Research Leads to Insight on Cancer Therapy, Student Success
Dr. James Riggs, professor of Biology
Recent studies conducted at Rider University found that CD28, a protein under study to treat autoimmune diseases and cancers, could actually suppress rather than increase the T-cells needed to promote proper immune function. The paper, “CD28 ligation increases macrophage suppression of T cell proliferation,” was published in the July issue of Cellular & Molecular Immunology.
The research, which was supported by grants from the National Institutes of Health (NIH) AREA program and individual fellowships for Rider students, has implications for future cancer investigations. It also illustrates the impact that Rider’s scientific partnerships and research opportunities have on its students. Eight of the authors were involved in the research as undergraduate students and relied on the experience as they pursued graduate and medical programs. The paper also has co-authors from Bristol Myers-Squibb in Princeton and Harvard Medical School.
Dr. James Riggs, professor of Biology and one of the authors, said the research evolved approximately seven years ago from a partnership he established with John Somerville, a scientist in the Immunosciences Division of Bristol-Myers Squibb and a co-author.
“Classically, we think of cancer as being treated by radiation and chemotherapy. The treatments can be pretty nasty for the patient because it can cause damage to cancer cells and healthy cells,” Riggs said. “Squibb has become a leader in new ways to treat tumors and cancers that involves turning on the immune response to fight the cancerous cells.”
One less toxic treatment involves injecting patients with a biological drug or protein. Over the years, inside Riggs’ lab on the Lawrenceville campus, undergraduate student researchers tested the effects of the protein, CD28, in a tissue culture model mirroring a tumor microenvironment. The researchers wanted to test different strategies to turn on an immune system that has been turned off within the tumor.
“CD28 is a protein that activates the T-cells. It does this when T-cells are normal,” Riggs said. “However, our studies proved that when you activate T cells in a tumor microenvironment, the CD28 protein further suppresses the immune system. It’s counterintuitive.”
Arlene Sharpe, a professor of Pathology at Harvard Medical School in Cambridge, Mass., also co-authored the paper and provided an important strain of mice for the study. Riggs was introduced to Sharpe through Rider Biochemistry alumnus Daniel Barber ’97. Barber, who is now running his own lab a division at the NIH, had published work with Sharpe while he was pursuing his doctorate in Immunology at Emory University.
The authors also include Rider alumni Daniel Silberman ’08, Amanda Bucknum ’08, Thomas Bartlett ’10, Gabriella Composto ’10, Megan Kozlowski ’10, Amanda Walker ’11 and Jackelyn Cua Ovalle ’11. Riggs said the research experience definitely set the students apart when they were applying to graduate and medical schools.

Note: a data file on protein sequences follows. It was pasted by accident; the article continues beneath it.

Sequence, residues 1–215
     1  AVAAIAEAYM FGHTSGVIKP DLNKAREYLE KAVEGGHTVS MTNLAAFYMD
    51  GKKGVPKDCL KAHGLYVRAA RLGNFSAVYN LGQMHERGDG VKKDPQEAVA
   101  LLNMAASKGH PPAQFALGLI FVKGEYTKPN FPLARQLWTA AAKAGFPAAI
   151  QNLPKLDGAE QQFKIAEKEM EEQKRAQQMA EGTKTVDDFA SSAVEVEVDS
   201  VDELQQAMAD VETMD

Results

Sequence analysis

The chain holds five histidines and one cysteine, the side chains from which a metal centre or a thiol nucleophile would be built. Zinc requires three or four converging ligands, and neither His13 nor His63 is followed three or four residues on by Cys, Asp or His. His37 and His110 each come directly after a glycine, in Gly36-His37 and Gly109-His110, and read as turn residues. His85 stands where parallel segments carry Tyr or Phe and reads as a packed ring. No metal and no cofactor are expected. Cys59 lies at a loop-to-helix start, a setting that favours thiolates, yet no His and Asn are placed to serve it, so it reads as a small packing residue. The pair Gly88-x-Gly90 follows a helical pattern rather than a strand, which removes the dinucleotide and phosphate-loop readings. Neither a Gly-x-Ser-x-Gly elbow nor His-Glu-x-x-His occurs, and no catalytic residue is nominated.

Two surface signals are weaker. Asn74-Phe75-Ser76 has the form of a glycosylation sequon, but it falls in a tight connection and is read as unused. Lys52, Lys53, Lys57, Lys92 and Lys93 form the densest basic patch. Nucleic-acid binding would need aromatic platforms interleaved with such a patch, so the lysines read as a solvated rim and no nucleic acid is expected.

Silberman, the primary author of the recent paper, was supported by fellowships from the New Jersey Commission for Cancer Research and the Rider University Marvin Talmadge Memorial Research Fund. Currently, he is a fourth year Ph.D. candidate in immunology at National Jewish in Denver, Colo., and is advised by John Kappler, a Howard Hughes Medical Institute Investigator.
“Dan was interviewed at every school he applied to,” Riggs said. “Having the opportunity to talk about his research really sold him as a Ph.D. candidate.”
Meanwhile, Kozlowski is a D.O. candidate at Philadelphia College of Osteopathic Medicine. Her undergraduate work has also appeared in a number of published papers.
“Dan and Megan are prime examples of students who came in as freshmen with AP credits from high school and an accelerated curriculum,” Riggs said. “They came right in the lab and hit the ground running. Those two really had an impact on the work that our lab does.”
Bucknum is an M.D. candidate at Temple University in Philadelphia. Riggs is still publishing what she’s worked on in his lab.
“She’s a really bright student,” he said. “Her med school interview sealed the deal. She had a great story to talk about from her research experience as an undergraduate.”
Bartlett is pursuing a doctorate in Molecular Biology at Princeton University. Riggs remembers giving a talk about opportunities at Rider for community college students a few years ago. Bartlett was one of the students who transferred to Rider and worked in the Biology department where he refined his interest in molecular biology.
Composto is a research technician in the Pharmacology/Toxicology Department at Rutgers University. “Her prospective boss was impressed by how much research experience she had,” said Riggs, noting that some of her other work has been published before.
Walker was supported by a Rider Undergraduate Research Scholar Award and was recipient of a Van Arman Scholarship Award from the Inflammation Research Association. As part of the award, she was able to present at a conference of the Inflammation Research Association. She was the only undergraduate student at the conference. In the fall, she will begin her Ph.D. studies in Physical Therapy at Rutgers University.
Finally, Ovalle, a December 2011 graduate and McNair Scholar, is applying to medical school.
“This is what Rider is all about — what the Sciences are all about,” said Riggs about the students’ success. “If the students work hard, the opportunities are phenomenal, and these are students who took advantage of everything placed before them.”